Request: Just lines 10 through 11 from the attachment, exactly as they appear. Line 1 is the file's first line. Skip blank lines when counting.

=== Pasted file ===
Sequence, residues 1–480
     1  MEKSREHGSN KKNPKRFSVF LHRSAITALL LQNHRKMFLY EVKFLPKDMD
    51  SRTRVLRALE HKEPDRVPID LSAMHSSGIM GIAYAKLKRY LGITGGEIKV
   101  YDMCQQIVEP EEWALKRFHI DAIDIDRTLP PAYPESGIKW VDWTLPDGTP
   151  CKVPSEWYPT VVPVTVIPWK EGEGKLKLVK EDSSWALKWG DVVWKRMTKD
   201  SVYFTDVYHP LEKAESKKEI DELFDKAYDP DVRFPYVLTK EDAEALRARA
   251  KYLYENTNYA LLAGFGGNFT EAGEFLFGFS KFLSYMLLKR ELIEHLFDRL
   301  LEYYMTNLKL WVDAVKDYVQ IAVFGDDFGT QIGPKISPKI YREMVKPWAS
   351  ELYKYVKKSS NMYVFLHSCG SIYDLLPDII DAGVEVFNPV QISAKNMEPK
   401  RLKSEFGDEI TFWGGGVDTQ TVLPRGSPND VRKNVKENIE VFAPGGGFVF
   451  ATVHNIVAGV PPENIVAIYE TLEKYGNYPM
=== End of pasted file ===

   401  RLKSEFGDEI TFWGGGVDTQ TVLPRGSPND VRKNVKENIE VFAPGGGFVF
   451  ATVHNIVAGV PPENIVAIYE TLEKYGNYPM